Bitter about being double-crossed by the women he loved, (and with the police after him to boot), Bill vows to seduce the next woman he sees, then throw her away. His brother Dennis, ...
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Bitter about being double-crossed by the women he loved, (and with the police after him to boot), Bill vows to seduce the next woman he sees, then throw her away. His brother Dennis, meanwhile, is equally determined to track down their long lost father, a revolutionary who has been in hiding for 20 years. For different reasons, both leave New York and head for Long Island, out of money, and short on ideas. D:"Long Island is a a terminal moraine." B:"What's that?" D:"It's the material left behind when a glacier recedes." D:"Gee, then what the hell are we waiting for?"Written by
Stuart Criley <email@example.com>
"There's no such thing as adventure. There's no such thing as romance. There's only trouble and desire." It's probably the best-known phrase of this movie, but actually it's a quote from Fritz Lang's movie Dr. Mabuse the Gambler (1922). See more »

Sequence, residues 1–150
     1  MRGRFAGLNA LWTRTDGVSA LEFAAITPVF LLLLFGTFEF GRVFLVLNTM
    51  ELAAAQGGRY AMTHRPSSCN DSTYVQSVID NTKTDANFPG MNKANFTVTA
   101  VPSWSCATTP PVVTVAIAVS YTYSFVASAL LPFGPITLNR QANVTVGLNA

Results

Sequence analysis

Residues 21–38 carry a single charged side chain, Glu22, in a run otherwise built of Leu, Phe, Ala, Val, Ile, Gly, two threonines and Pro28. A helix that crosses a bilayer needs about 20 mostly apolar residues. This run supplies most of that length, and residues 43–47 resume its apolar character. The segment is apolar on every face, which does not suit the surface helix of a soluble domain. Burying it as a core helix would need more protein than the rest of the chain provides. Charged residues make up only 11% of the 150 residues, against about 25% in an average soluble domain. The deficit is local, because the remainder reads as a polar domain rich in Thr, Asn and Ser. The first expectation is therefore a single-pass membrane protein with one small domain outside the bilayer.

Hartley has here created a near masterpiece; a wonderful, autumnally atmospheric and deeply human film. The usual quirks are there (the cyclical dialogues, the silences) but it is imbued with a warmth and love that makes the film unmissable. The fragile nature of relationships comes under the directors scrutiny as two brothers spend a couple of days in Long Island. The all night drinking scene complete with a dance routine to Sonic Youth's "Kool Thing" captures that dusk to dawn and too much Jack Daniels feel as well as any film I have ever seen. But, it is the closing scene which clinches it, a heart stoppingly romantic yet equally depressing end which asserts that through the pains of life, through the "trouble and desire" there is always a belief in other people that can keep us going. Life affirming (without being a saccharine "feel good" movie) and truly wonderful
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